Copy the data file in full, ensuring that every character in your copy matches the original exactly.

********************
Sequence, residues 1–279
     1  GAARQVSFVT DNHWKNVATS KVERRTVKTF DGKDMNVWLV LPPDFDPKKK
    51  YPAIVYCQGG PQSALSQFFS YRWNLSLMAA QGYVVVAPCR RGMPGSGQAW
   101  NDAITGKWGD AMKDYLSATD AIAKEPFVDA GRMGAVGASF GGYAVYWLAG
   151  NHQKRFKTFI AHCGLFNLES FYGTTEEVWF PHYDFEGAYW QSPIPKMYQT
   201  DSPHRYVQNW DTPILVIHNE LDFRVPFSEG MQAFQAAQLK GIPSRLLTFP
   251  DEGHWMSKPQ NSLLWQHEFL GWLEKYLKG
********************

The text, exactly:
Sequence, residues 1–279
     1  GAARQVSFVT DNHWKNVATS KVERRTVKTF DGKDMNVWLV LPPDFDPKKK
    51  YPAIVYCQGG PQSALSQFFS YRWNLSLMAA QGYVVVAPCR RGMPGSGQAW
   101  NDAITGKWGD AMKDYLSATD AIAKEPFVDA GRMGAVGASF GGYAVYWLAG
   151  NHQKRFKTFI AHCGLFNLES FYGTTEEVWF PHYDFEGAYW QSPIPKMYQT
   201  DSPHRYVQNW DTPILVIHNE LDFRVPFSEG MQAFQAAQLK GIPSRLLTFP
   251  DEGHWMSKPQ NSLLWQHEFL GWLEKYLKG